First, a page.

Night of the living bass heads: In search of Miami bass at San Francisco’s Sound Factory
by Summer Burkes

“Dilettante” column originally published at the turn of the century on 07.14.1998 in the SF Bay Guardian. Re-intro July 2018 here.


IT WAS ONLY in the aftermath of Saturday evening that I was able to appreciate my good fortune at losing a contact lens in my backyard earlier that afternoon. I don’t think I could have handled the spectacle of the Sound Factory on a Saturday night with 20/20 vision.

Despite the warnings of friends, in the interest of amateurish modern anthropology, and on a dare, I braved the booming-bass behemoth that takes up almost an entire city block downtown, looming over the tiny bimonthly Goth club down the road and beckoning secretaries from Concord and mall employees from Daly City to its Batman-inspired rotating spotlights like moths.

a sweaty sea of people in the sound factory’s main room

I knew that the Sound Factory would be a shock to my system, but I didn’t really expect the lesson I would learn about the socialization and mating rituals of Australopithecus MiamiBassus, the species that likes its khakis uniform and its potential sex partners tightly-clad and jiggling.

The Sound Factory’s entrance looks like the gateway to one of the scarier rides at Disneyland — one must pass through a winding gauntlet that reeks of aftershave and leather to get frisked, ID’d, tickets bought, and tickets torn. (For some reason, the employees don’t search the girls at all, much to the relief of my companion, who absentmindedly brought her 4-inch hunting knife in her purse.)

The $15 cover charge, $3 coat check, and $5 drinks do little to discourage the masses from converging and tightly packing themselves in the joint like the 30 Stockton at rush hour. The sound system’s bass begins to dislodge your sternum at precisely the moment you enter the door, and a cloud of sweat-humidity, manufactured fog, evaporating hair gel, and hard-working deodorant hits your face like a jet-engine blast.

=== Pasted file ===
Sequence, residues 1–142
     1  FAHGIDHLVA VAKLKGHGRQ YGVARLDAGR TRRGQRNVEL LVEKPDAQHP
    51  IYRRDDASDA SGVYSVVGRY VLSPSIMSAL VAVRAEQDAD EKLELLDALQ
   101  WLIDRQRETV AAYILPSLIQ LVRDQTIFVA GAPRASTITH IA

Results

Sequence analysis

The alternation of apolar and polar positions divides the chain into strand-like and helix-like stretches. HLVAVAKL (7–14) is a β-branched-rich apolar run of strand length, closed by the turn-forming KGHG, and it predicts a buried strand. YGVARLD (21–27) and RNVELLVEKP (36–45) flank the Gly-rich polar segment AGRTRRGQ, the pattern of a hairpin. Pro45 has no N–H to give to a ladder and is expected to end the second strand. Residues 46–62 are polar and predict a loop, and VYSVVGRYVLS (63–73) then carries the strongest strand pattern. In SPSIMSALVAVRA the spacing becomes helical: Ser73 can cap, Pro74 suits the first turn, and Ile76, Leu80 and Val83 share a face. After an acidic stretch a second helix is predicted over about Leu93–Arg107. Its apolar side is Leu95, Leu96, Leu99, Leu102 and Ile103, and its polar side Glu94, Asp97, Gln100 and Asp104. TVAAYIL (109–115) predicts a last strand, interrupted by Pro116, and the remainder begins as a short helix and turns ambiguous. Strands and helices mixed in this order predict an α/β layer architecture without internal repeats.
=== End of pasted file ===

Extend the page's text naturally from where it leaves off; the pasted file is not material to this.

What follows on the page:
It’s cavernous inside; white swoopy things and deconstructed disco balls hang from the ceiling, and lights flash to give off the appearance of grandeur, frenetic chaos, or a futuristic space station just before it’s going to blow. A narrow hallway connects two monstrous dance floors and smaller lounging areas; one room plays techno, house, and Miami bass while the other one spins salsa, merengue, and Latin house.

Observation decks above allow clubgoers to search out prospective partners and make mental notes of bad dancers to avoid. As we watch the swiveling hips in the “Conga Room” from the deck, two girls with fruity drinks and high hair come stand beside us to scope for 30 seconds. “Nobody good,” says lower-haired girl to her vertical friend, and they flounce away. Determined to dance and unwilling to get the side-cramps that go hand-in-hand with merengue, we muscle through the hall to the “Booty Room,” as we’ve affectionately dubbed it.

As we enter the Booty Room, the jigglers have been shooed off the stage to make way for SSC, a Miami bass-ish act that’s performing live. It turns out that they’ve authored several popular songs that rumble from low riders around town, including the “whassup whassup whassup” song, the “smack it up, flip it, rub it down” song, and that other one that praises Daisy Duke’s fashion sense. They’re good performers, but the music rubs against every pretentious rock-critic bone in my body — it’s mind-numbingly simple, repetitive, and vaguely-to-obscenely sexist. (I love it, actually.)

The lights go down, the DJ spins again, and as we venture out onto the dance floor, we notice that we’re the only couple not hermetically sealed to each other from head to toe. Most of the girls have their backs to the boys; Dirty Dancing seems like Ice Capades compared to this scene.

literally the best pants to wear for a night twerk

Every once in a while, in a move usually reserved for prison showers, single men sidle up behind my friend and nonchalantly shove their crotches into her butt, arms extended and faces blank. “Stop trying to freak me while I’m not looking!” she hollers over the thumping music. I dance with my back to a pole.

We stay for a total of about 45 minutes before we run (screaming) from the place — hardly our $15 worth, but more than enough. In the dating world, it seems a little odd to me that — in at least one social circle — a common way to meet a potential mate for the first time is to mount them, Quest for Fire style, from behind. But when you’re in a place where most of the songs consist entirely of references to booty, 69-related puns, licking things, and general grinding, it makes sense that the corresponding nightlife would lack subtlety, to say the least.

I, for one, would rather spend two hours looking for a contact lens in the grass.


This is the 17th piece in my “twenty years ago this week” project; this post’s intro here, and Dilettante’s first installment is here

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